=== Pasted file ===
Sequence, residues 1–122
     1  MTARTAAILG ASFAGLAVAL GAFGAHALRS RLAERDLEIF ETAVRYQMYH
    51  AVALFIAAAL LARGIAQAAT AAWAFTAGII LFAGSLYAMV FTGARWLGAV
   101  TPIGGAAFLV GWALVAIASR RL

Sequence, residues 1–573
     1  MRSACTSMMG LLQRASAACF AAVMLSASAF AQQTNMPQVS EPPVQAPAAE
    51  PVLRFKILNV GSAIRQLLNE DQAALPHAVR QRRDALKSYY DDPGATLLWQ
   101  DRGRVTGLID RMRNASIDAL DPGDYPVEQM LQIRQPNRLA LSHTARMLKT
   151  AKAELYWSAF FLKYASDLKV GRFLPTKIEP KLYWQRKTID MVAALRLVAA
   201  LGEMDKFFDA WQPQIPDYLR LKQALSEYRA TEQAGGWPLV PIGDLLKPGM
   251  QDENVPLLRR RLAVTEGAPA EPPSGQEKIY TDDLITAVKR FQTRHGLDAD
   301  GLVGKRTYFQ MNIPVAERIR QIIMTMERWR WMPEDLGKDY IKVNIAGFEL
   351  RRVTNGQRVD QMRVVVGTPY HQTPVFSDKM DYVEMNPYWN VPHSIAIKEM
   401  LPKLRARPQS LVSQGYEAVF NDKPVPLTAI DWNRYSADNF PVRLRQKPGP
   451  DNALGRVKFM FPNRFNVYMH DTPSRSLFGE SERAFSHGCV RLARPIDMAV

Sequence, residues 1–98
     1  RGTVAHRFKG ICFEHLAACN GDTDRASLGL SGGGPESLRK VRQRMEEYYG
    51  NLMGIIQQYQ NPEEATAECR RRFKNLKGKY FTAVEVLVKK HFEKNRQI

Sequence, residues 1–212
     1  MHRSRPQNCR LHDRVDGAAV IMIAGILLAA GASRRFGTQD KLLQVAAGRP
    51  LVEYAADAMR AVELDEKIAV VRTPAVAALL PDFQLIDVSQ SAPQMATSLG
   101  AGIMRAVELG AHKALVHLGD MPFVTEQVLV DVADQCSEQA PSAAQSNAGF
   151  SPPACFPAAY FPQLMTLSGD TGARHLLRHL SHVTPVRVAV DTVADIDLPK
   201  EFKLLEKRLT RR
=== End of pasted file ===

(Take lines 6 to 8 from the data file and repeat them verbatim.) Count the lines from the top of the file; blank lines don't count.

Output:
     1  MRSACTSMMG LLQRASAACF AAVMLSASAF AQQTNMPQVS EPPVQAPAAE
    51  PVLRFKILNV GSAIRQLLNE DQAALPHAVR QRRDALKSYY DDPGATLLWQ
   101  DRGRVTGLID RMRNASIDAL DPGDYPVEQM LQIRQPNRLA LSHTARMLKT